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Handbook of Satellite Orbits
If the calculations of the motion are made in a Galilean frame (Earthcentered spacefixed), in most practical cases, one needs to know the position of the satellite relative to the Earth (Earthcentered Earth fixed). The satellite track is well defined by its geographical coordinates, longitude and latitude. We take this opportunity to make a brief statement on map projections.
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The word “precession”, meaning “the action of preceding”, was coined by Copernicus around 1530 (
præcessio, nis in Latin) to speak about the precession of the equinoxes, i.e., the retrograde motion of the equinoctial points. This term was then taken up in mechanics to describe the corresponding Euler angle. In the motion of the satellite orbital plane, the word “precession” clearly refers to a motion that may actually be prograde, as well as retrograde.
The three Euler angles are traditionally denoted by
ψ,
θ,
\(\varphi\), or by
\(\varphi\),
θ,
ψ, in those orders. To avoid confusion with the latitudes denoted by
ψ and
\(\varphi\) elsewhere in the book, we have chosen to use the notation
α
_{ i },
i = 1, 2, 3.
It is no accident that the word “month” is so similar to “Moon”, and the same is true of these words in German and related languages. The IndoEuropean root
^{∗}
men,
^{∗}
mes refers to the Moon, lunation (lunar month), and measurement or mensuration (of time). Many languages in this family still use similar terms, but this is not the case in Greek or Latin. These two languages called the Moon “the bright one” (ἡ σελήνη, ης ;
luna, æ), which gives the present French name “Lune”. See also the note on Chandrasekhar.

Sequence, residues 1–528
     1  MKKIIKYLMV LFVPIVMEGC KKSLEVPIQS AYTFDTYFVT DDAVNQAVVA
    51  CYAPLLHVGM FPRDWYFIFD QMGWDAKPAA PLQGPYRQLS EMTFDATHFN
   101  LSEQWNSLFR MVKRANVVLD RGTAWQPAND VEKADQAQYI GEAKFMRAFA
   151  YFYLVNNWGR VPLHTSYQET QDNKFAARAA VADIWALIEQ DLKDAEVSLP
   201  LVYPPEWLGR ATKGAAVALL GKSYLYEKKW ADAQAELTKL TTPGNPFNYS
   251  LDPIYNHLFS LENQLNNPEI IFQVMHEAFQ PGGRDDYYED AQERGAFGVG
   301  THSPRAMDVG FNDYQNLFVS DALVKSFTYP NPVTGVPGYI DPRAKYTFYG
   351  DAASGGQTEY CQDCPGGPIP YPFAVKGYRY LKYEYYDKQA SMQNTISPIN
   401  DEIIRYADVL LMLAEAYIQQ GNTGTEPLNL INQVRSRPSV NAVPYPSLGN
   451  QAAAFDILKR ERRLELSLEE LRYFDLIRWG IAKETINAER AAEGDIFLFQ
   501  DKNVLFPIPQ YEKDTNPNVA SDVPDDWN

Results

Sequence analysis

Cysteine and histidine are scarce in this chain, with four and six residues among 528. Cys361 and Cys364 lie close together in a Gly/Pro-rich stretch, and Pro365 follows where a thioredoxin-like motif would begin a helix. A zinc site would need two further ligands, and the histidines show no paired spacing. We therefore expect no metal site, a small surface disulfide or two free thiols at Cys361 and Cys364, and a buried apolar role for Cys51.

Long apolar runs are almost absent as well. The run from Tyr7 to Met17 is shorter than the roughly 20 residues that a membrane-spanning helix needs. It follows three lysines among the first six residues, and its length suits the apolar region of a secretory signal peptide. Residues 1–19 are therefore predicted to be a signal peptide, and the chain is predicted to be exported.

The noun ἡ σύνοδος, ου, “synod”, is made up of σύν, meaning “with” or “together”, and ἡ ὁδός, ου, meaning “path” or “journey”. In Ancient Greek, it already had the double meaning of “meeting” and “conjunction of heavenly bodies”, both of which illustrate the idea of “things happening at the same time”.
The expression for
q
_{G00} contains four terms:

The first gives the position of the Greenwich meridian at the date taken as origin, viz., J2000.0.

In the second, the coefficient of T _{u} is equal to the number of seconds in one day (86,400) multiplied by the number of days in one Julian century (36,525), divided by the number of days in the tropical year ( N _{tro} = 365. 2421897).

The third is related to nutation.

The fourth accounts for the precession of the equinoxes.
Unlike the sphere, a cylinder is developable. If the body of a big cat could be assimilated to a cylinder, one could understand how the tiger might change into a bedside rug without deformation.
Jean Henri Lambert (1728–1777) was a Swiss and German astronomer, mathematician, and physicist, with French ancestry. In astronomy, he calculated the trajectories of comets and understood that the Milky Way was just a modest galaxy in the Universe. In physics, he discovered the fundamental law of photometry. In his many mathematical works, among which he demonstrated the irrationality of
π (1766), he attributed great importance to problems of perspective and cartographic projections. He defined a great many projections, several of which bear his name today. The best known is the conformal conical projection, used in France for the map of France since 1922 and the cadastral survey since 1938.